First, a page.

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“Bite-Size Bits of Local, National, and Global History”
“Bite-Size Bits of Local, National, and Global History”
Providence in Providence County, Rhode Island — The American Northeast (New England)
 

A Shelter for Persons Distressed

 
 
A Shelter for Persons Distressed Marker image. Click for full size.
By Bryan Simmons, June 5, 2012
1. A Shelter for Persons Distressed Marker
Inscription. In 1636, Roger Williams bought land from the Narragansett chiefs and established a colony here near the site of a fresh water spring. Naming the town for God's providence to him, Williams declared the settlement a shelter for the persecuted of all religions. The original settlers built their house in a row along the west side of the street, on narrow plots running uphill. The Williams house was directly across the street.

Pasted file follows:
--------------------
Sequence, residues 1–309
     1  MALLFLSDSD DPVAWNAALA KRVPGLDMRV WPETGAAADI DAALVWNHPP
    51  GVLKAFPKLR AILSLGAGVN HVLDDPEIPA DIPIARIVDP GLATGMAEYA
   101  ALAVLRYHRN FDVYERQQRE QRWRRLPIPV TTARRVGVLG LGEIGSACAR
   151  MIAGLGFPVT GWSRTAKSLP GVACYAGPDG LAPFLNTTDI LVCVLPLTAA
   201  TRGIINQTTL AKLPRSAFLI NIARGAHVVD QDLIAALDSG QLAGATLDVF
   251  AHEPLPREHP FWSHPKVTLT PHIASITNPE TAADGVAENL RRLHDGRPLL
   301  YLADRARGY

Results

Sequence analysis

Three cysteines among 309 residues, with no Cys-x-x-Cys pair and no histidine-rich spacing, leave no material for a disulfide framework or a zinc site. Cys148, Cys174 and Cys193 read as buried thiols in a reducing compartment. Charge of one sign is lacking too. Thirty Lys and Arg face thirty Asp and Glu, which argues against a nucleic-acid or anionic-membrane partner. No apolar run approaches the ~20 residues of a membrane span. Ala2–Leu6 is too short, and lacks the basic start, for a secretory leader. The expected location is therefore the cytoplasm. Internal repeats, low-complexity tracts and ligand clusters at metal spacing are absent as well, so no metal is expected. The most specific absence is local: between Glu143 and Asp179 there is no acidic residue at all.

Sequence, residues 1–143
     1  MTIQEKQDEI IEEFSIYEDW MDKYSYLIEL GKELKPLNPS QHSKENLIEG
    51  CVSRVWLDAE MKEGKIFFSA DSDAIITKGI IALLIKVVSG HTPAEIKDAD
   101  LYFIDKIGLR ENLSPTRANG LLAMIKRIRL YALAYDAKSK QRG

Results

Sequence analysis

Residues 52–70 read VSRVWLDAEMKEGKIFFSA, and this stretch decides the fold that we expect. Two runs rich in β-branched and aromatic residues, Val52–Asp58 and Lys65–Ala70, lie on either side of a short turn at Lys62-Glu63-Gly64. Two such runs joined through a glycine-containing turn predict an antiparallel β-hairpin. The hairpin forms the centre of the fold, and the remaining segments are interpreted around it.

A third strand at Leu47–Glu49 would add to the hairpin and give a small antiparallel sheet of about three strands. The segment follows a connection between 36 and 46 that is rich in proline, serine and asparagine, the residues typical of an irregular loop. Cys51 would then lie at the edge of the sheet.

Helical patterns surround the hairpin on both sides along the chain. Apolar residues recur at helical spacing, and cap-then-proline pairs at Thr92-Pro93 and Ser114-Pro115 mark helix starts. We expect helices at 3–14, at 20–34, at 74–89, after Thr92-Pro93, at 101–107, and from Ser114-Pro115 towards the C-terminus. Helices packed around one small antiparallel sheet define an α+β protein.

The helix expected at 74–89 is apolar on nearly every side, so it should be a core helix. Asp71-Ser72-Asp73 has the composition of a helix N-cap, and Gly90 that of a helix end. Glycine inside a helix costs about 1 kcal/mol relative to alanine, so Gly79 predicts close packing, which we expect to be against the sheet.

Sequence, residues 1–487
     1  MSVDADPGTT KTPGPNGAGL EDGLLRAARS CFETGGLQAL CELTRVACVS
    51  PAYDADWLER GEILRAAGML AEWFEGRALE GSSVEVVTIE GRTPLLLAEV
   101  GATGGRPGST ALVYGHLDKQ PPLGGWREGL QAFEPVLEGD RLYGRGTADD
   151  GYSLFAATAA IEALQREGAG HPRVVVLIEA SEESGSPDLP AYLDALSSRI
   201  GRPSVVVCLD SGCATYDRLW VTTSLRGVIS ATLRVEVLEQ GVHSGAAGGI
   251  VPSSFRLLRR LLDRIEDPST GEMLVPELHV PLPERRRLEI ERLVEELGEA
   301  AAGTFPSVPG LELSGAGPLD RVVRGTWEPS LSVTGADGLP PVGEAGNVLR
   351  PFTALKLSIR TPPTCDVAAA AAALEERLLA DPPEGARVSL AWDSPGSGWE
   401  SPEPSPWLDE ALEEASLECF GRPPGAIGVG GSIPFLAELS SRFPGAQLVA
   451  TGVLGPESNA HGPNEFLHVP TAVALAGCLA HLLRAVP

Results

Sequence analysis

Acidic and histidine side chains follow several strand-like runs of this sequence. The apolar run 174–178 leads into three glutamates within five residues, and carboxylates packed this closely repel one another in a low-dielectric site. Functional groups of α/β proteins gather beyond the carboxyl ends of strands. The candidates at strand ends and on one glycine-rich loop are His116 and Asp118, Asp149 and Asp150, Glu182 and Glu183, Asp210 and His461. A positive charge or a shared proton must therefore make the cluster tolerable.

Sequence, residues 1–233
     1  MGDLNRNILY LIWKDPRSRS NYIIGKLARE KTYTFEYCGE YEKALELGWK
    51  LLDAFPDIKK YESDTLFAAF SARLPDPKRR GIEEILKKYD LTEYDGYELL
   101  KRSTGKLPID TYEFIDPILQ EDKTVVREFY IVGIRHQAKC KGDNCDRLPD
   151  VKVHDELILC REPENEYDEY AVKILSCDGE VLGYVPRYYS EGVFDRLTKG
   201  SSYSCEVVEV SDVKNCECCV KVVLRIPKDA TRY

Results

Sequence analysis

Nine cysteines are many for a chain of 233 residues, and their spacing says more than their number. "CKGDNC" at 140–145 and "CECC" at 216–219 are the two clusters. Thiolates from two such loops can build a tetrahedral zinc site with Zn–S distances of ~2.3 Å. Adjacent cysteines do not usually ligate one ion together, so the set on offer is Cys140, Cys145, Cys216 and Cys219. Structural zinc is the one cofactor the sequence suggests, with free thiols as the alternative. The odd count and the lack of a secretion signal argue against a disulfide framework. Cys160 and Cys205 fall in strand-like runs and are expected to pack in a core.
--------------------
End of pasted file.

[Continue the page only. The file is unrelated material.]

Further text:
Location. 41° 49.833′ N, 71° 24.637′ W. Marker is in Providence, Rhode Island, in Providence County. Marker is on North Main Street, in the median. Touch for map. The Marker is located in the Roger Williams National Memorial. Marker is in this post office area: Providence RI 02903, United States of America.
 
Other nearby markers. At least 8 other markers are within walking distance of this marker. The Wellspring of Providence (here, next to this marker); The Original Water Supply (a few steps from this marker); A Howling Wilderness (within shouting distance of this marker); Gabriel Bernon (within shouting distance of this marker); The Century to Statehood (about 300 feet away, measured in a direct line); A Thoroughfare Town (about 300 feet away); Witness to History (about 300 feet away); Snow Town Riot 1831 (about 300 feet away). Touch for a list and map of all markers in Providence.
 
Categories. Colonial EraSettlements & Settlers
 
A Shelter for Persons Distressed image. Click for full size.
By Bryan Simmons, June 5, 2012
2. A Shelter for Persons Distressed
 
 
Credits. This page was last revised on June 16, 2016. This page originally submitted on June 8, 2012, by Bryan Simmons of Attleboro, Massachusetts. This page has been viewed 417 times since then and 37 times this year. Photos:   1, 2. submitted on June 8, 2012, by Bryan Simmons of Attleboro, Massachusetts. • Bill Pfingsten was the editor who published this page.
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